A mysterious ship is found adrift in mid-ocean without a crew. But this mystery is soon forgotten when Captain Ramsey, his two sexy first mates and the crew discover its precious cargo of ... See full summary »
A 25-30-year old Hacienda-owner (David Hemmings) is misbehaving on women due to his traumatic youth; his mother (Alida Valli) covers him for his sadistic actions; however, when he wants the... See full summary »
José María Forqué
"Out of the Darkness" is a gripping thriller telling the true story of the hunt and capture of David Berkowitz, a.k.a. "Son of Sam" - the infamous serial killer who stalked New York City in... See full summary »
A New Jersey auto mechanic travels to California to find the girl of his dreams and woos a bikini fashion model while the time quarreling with her high-powered manager and avoiding his New Jersey girlfriend who comes looking for him.
A look at the dangerous and bizarre life of an undercover cop who lives on the edge and the strife and heartbreak that comes with the job. There is also a tremendous amount of guilt and ... See full summary »
In one hundred years, this made-for-TV "flick" could be used as a textbook example of how most such shows were made: cardboard acting, washed out color cinematography, easy-to-get-to California locations, unsexy "sexy" love scenes, laughably inane car chases, stilted dialogue,,,the only thing missing is a disease of the week and it would have been "THE" complete TVM!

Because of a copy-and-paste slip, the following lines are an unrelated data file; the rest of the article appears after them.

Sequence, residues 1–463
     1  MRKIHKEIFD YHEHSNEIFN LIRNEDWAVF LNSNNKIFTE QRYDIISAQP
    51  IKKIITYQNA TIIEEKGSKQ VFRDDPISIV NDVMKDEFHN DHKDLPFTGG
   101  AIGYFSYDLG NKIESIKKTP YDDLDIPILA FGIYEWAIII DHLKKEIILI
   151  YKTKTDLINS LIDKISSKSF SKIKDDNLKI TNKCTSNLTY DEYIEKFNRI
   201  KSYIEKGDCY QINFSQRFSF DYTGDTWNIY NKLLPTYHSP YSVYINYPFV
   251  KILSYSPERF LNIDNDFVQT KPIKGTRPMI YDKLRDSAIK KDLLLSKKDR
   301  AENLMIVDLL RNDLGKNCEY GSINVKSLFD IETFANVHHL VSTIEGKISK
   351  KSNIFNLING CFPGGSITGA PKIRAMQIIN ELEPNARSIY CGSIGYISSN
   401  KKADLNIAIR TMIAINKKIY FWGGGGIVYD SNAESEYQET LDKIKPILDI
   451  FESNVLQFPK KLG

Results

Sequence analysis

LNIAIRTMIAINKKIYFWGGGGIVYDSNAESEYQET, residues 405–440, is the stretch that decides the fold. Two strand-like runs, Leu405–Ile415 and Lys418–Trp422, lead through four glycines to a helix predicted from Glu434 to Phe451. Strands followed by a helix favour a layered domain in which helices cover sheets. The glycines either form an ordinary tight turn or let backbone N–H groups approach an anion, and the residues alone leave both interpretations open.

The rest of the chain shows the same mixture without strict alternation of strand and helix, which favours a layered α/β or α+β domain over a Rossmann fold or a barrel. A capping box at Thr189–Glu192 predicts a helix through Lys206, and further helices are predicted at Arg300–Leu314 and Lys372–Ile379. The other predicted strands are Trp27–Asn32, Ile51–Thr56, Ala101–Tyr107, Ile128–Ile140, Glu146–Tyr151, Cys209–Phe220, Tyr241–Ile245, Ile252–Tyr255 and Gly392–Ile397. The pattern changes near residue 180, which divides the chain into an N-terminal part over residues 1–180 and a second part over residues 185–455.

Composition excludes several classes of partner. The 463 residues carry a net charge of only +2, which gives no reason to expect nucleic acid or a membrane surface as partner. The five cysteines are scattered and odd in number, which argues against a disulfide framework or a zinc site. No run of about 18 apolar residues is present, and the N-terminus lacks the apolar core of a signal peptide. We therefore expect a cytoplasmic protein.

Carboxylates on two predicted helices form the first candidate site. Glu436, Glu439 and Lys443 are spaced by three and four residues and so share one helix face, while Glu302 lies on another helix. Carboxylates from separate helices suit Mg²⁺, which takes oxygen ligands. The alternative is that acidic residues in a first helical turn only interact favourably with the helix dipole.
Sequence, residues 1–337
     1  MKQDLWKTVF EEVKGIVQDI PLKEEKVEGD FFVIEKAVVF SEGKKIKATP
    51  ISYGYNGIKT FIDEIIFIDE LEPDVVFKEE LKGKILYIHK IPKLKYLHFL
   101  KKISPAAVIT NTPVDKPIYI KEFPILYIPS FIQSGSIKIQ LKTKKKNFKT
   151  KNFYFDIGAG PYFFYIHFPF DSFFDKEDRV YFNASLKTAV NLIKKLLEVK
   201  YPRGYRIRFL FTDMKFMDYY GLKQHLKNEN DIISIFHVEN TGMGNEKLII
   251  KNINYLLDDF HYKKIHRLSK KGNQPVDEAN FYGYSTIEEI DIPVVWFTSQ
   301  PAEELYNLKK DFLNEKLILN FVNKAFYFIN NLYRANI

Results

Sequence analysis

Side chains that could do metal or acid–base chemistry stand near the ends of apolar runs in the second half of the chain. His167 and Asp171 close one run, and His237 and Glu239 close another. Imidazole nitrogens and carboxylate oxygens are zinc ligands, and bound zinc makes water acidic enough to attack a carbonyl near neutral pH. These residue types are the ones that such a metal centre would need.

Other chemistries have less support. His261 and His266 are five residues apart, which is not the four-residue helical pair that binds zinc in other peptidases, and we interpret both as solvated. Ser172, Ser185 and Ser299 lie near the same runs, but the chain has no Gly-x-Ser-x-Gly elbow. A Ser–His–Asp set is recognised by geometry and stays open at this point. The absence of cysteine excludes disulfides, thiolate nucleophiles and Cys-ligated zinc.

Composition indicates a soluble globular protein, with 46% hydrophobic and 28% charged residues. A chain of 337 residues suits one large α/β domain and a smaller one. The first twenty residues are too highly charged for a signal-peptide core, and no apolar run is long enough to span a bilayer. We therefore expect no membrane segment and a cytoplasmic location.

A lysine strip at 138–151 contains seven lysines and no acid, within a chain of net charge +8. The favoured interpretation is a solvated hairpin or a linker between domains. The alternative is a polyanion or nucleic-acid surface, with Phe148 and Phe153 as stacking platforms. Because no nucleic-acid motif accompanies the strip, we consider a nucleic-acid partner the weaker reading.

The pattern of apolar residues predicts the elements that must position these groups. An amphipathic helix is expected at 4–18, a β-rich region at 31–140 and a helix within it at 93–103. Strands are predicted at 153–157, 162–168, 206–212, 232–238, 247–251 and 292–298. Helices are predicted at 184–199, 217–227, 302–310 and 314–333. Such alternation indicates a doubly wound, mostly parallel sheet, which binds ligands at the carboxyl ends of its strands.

The plot? Oh, seems that Lisa Hartman is a Wyoming cop who enlists James Brolin's "streetwise" cop to track down the killer of a friend of hers. Only he seems way too polished (the whole movie does, honestly) to be truly "streetwise"; perhaps his (emptily portrayed)bitterness was supposed to get that point across, as television movies were still pretty heavily guidelined as to what they could and could not show, and tell, during that time. It took a landmark mini-series, "Lonesome Dove" to truly push the boundaries for television during that time.
In the end, this movie is about as significant as the second billing of a Monogram double-billing. Perhaps not even as significant, since at least Monogram would have made this in black-and-white, which would have vastly improved on the transparently dull color of this movie, and there would have been the chance of perhaps this thing being an example of film-noir with a feminist touch. Hmmm....didn't someone say that the best way to criticize a movie was to make another, and better, movie???
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